Net sales for the Strategic Brands segment were $294.8 million for the year ended December 31, 2021, an increase of approximately $28.4 million, or 10.7% higher than net sales of $266.4 million for the year ended December 31, 2020. Net sales for the Strategic Brands segment increased primarily due to increased worldwide sales by volume of our Predator®, Burn® and Mother® brand energy drinks as a result of increased consumer demand. Shortages of certain NOS® concentrates negatively impacted net sales for the year ended December 31, 2021. Net changes in foreign currency exchange rates had a favorable impact on net sales of approximately $4.3 million for the Strategic Brands segment for the year ended December 31, 2021.

Net sales for the Other segment were $25.9 million for the year ended December 31, 2021, a decrease of approximately $1.1 million, or 4.1% lower than net sales of $27.0 million for the year ended December 31, 2020.

Case sales, in 192-ounce case equivalents, were 613.4 million cases for the year ended December 31, 2021, an increase of approximately 108.6 million cases or 21.5% higher than case sales of 504.8 million cases for the year ended December 31, 2020. The overall average net sales per case (excluding net sales of AFF Third-Party Products of $25.9 million and $27.0 million for the year ended December 31, 2021 and 2020, respectively, as these sales do not have unit case equivalents) decreased to $8.99 for the year ended December 31, 2021, which was 0.7% lower than the average net sales per case of $9.06 for the year ended December 31, 2020. The decrease in the average net sales per case was primarily the result of geographical sales mix.

Gross Profit

Gross profit was $3.11 billion for the year ended December 31, 2021, an increase of approximately $384.6 million, or 14.1% higher than the gross profit of $2.72 billion for the year ended December 31, 2020. The increase in gross profit dollars was primarily the result of the $942.7 million increase in net sales for the year ended December 31, 2021.

Gross profit as a percentage of net sales decreased to 56.1% for the year ended December 31, 2021 from 59.2% for the year ended December 31, 2020. The decrease for the year ended December 31, 2021 was primarily the result of increased aluminum can costs attributable to higher aluminum commodity pricing, increased costs of certain other raw materials and ingredients, increased freight-in costs and geographical sales mix.

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Operating Expenses

Total operating expenses were $1.31 billion for the year ended December 31, 2021, an increase of approximately $220.3 million, or 20.2% higher than total operating expenses of $1.09 billion for the year ended December 31, 2020. As a percentage of net sales, operating expenses were 23.7% for both the years ended December 31, 2021 and 2020. The increase in operating expenses was primarily due to increased out-bound freight and warehouse costs of $86.1 million, increased payroll expenses of $42.5 million, increased expenditures of $38.1 million for sponsorships and endorsements, increased expenditures of $15.7 million for social media and digital marketing, and increased expenditures of $10.4 million for professional service expenses, including accounting and legal costs. The increase in operating expenses for the year ended December 31, 2021, was partially offset by $16.9 million due to the reversal of amounts previously accrued in connection with an intellectual property claim. During the comparative 2020 period, the Company decreased expenditures for sponsorship and endorsements and decreased expenditures for travel and entertainment, each largely as a consequence of the COVID-19 pandemic. The impact of the COVID-19 pandemic was less pronounced on our sales and marketing programs during the year ended December 31, 2021. Operating expenses for the year ended December 31, 2019 (pre COVID-19) were $1.12 billion, or 26.6% of net sales.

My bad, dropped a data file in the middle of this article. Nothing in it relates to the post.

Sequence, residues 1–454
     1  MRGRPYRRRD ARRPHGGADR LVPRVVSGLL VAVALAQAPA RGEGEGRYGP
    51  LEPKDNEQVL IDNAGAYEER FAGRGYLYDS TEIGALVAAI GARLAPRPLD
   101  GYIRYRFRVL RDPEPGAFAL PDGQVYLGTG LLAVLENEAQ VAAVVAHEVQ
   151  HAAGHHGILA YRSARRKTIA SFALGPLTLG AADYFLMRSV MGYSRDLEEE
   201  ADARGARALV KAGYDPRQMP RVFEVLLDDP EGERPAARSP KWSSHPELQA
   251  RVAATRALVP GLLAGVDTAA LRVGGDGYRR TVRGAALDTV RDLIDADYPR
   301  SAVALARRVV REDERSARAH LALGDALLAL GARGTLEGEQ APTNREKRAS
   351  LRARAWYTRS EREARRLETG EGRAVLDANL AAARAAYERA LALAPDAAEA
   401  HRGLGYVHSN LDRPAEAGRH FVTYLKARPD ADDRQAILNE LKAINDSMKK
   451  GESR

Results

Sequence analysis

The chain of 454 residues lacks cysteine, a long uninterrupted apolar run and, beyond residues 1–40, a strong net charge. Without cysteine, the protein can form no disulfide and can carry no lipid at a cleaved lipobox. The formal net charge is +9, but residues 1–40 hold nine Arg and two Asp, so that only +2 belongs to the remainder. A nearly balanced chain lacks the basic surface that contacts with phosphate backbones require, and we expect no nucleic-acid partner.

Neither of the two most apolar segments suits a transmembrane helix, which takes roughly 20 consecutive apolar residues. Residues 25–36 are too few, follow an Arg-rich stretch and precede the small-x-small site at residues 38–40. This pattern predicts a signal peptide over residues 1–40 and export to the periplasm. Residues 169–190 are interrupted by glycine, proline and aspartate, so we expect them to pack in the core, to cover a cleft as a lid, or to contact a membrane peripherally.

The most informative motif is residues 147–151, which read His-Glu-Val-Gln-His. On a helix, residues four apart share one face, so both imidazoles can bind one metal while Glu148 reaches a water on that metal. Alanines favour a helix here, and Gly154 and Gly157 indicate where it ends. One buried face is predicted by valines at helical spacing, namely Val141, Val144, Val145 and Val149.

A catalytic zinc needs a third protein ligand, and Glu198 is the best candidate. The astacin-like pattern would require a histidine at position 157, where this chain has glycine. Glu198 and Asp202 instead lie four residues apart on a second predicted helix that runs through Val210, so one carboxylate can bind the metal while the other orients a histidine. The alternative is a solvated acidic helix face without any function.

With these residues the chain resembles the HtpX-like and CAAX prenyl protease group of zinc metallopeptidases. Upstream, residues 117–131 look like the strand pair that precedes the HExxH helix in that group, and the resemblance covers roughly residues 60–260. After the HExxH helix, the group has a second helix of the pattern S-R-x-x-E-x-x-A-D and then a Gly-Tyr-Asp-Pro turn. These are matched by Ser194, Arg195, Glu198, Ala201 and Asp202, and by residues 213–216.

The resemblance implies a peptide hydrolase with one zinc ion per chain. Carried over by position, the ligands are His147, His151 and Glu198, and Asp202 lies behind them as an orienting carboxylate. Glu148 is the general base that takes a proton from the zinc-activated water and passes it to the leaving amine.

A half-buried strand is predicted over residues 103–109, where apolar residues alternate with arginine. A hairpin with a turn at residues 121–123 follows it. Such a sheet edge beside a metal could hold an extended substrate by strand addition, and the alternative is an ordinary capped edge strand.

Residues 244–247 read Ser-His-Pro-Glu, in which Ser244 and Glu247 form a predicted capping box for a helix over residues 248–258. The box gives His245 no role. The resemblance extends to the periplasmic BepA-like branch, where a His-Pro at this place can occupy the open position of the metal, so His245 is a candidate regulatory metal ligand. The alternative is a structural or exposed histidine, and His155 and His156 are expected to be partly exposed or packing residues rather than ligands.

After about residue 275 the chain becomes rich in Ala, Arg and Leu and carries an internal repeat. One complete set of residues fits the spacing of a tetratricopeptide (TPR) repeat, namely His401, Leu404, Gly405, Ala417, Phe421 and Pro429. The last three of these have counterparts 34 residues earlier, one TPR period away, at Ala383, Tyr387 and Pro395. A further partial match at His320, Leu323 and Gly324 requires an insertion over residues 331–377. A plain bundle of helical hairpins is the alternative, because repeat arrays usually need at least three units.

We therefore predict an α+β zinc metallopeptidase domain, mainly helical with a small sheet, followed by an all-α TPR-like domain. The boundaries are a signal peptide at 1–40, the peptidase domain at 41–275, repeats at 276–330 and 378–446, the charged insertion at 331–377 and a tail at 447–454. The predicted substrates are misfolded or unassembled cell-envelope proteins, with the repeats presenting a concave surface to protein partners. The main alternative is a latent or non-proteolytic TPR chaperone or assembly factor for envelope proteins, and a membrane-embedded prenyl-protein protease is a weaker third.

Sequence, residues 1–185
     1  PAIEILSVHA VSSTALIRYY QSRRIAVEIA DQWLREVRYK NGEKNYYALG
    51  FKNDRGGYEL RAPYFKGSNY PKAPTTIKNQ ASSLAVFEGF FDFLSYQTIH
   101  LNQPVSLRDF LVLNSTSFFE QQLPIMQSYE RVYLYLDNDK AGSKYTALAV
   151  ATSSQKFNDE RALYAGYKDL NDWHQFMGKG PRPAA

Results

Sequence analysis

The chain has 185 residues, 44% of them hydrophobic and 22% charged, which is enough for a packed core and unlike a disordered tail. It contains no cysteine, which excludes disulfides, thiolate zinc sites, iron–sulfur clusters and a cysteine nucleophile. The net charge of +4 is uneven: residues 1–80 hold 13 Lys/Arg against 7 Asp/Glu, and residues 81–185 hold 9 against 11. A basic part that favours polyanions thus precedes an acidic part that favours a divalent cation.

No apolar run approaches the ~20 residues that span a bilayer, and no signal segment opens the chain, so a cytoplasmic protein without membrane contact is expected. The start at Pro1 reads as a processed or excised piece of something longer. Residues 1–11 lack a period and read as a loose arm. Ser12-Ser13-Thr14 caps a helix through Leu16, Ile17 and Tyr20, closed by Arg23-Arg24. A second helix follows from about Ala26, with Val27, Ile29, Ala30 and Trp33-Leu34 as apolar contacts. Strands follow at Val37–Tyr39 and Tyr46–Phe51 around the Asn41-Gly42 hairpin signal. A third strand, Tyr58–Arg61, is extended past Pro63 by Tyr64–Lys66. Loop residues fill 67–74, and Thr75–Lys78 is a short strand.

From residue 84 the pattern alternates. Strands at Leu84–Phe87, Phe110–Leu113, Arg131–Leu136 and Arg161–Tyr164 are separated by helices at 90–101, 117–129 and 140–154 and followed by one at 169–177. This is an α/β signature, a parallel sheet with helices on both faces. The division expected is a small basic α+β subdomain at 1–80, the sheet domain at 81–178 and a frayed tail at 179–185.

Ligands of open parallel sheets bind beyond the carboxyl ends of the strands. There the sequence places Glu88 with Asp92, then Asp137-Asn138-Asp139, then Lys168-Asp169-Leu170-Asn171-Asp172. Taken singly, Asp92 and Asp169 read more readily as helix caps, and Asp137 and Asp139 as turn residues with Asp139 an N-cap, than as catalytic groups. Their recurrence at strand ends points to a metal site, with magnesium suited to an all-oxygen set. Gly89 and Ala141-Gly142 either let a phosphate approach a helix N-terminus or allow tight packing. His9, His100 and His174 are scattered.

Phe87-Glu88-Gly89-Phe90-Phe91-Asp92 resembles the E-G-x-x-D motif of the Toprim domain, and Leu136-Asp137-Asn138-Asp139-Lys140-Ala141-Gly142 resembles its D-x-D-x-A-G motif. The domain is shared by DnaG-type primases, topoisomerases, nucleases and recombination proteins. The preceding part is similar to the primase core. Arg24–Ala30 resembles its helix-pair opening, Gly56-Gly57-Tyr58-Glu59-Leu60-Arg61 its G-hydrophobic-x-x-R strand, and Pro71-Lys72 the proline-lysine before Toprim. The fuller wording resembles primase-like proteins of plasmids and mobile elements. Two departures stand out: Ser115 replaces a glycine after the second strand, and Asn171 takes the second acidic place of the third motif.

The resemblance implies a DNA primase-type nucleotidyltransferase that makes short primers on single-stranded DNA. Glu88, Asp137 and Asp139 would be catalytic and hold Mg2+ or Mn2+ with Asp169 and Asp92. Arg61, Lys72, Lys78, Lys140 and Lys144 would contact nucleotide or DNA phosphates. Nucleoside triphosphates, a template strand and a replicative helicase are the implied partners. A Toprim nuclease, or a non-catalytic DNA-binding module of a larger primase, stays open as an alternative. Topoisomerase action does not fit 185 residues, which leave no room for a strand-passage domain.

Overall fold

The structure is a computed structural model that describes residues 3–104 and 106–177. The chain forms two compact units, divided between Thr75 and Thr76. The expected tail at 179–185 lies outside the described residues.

Operating Income

Operating income was $1.80 billion for the year ended December 31, 2021, an increase of approximately $164.3 million, or 10.1% higher than operating income of $1.63 billion for the year ended December 31, 2020. Operating income as a percentage of net sales decreased to 32.4% for the year ended December 31, 2021 from 35.5% for the year ended December 31, 2020. Operating income was $402.8 million and $279.7 million for the year ended December 31, 2021 and 2020, respectively, for our operations in EMEA, Asia Pacific, Latin America and the Caribbean. Operating income for the year ended December 31,2019 (pre COVID-19) was $1.4 billion, or 33.4% of net sales.

Operating income for the Monster Energy® Drinks segment, exclusive of corporate and unallocated expenses, was $1.99 billion for the year ended December 31, 2021, an increase of approximately $170.4 million, or 9.4% higher than operating income of $1.82 billion for the year ended December 31, 2020. The increase in operating income for the Monster Energy® Drinks segment was primarily the result of the $915.4 million increase in net sales for the year ended December 31, 2021.